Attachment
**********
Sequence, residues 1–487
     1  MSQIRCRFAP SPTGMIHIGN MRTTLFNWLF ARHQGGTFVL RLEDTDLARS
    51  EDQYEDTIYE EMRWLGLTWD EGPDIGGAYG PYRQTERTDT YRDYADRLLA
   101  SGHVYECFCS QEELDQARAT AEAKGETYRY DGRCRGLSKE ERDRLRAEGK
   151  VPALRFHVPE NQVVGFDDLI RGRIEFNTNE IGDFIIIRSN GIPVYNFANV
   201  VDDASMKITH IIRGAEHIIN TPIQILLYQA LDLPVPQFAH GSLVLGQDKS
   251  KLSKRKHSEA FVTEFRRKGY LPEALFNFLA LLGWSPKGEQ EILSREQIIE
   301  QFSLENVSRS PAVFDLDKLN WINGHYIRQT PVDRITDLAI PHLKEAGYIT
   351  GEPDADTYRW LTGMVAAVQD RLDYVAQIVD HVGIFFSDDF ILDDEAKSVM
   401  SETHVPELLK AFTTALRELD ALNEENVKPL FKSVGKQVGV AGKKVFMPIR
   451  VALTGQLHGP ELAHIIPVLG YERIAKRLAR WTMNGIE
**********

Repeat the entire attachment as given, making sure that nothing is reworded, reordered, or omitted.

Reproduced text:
Sequence, residues 1–487
     1  MSQIRCRFAP SPTGMIHIGN MRTTLFNWLF ARHQGGTFVL RLEDTDLARS
    51  EDQYEDTIYE EMRWLGLTWD EGPDIGGAYG PYRQTERTDT YRDYADRLLA
   101  SGHVYECFCS QEELDQARAT AEAKGETYRY DGRCRGLSKE ERDRLRAEGK
   151  VPALRFHVPE NQVVGFDDLI RGRIEFNTNE IGDFIIIRSN GIPVYNFANV
   201  VDDASMKITH IIRGAEHIIN TPIQILLYQA LDLPVPQFAH GSLVLGQDKS
   251  KLSKRKHSEA FVTEFRRKGY LPEALFNFLA LLGWSPKGEQ EILSREQIIE
   301  QFSLENVSRS PAVFDLDKLN WINGHYIRQT PVDRITDLAI PHLKEAGYIT
   351  GEPDADTYRW LTGMVAAVQD RLDYVAQIVD HVGIFFSDDF ILDDEAKSVM
   401  SETHVPELLK AFTTALRELD ALNEENVKPL FKSVGKQVGV AGKKVFMPIR
   451  VALTGQLHGP ELAHIIPVLG YERIAKRLAR WTMNGIE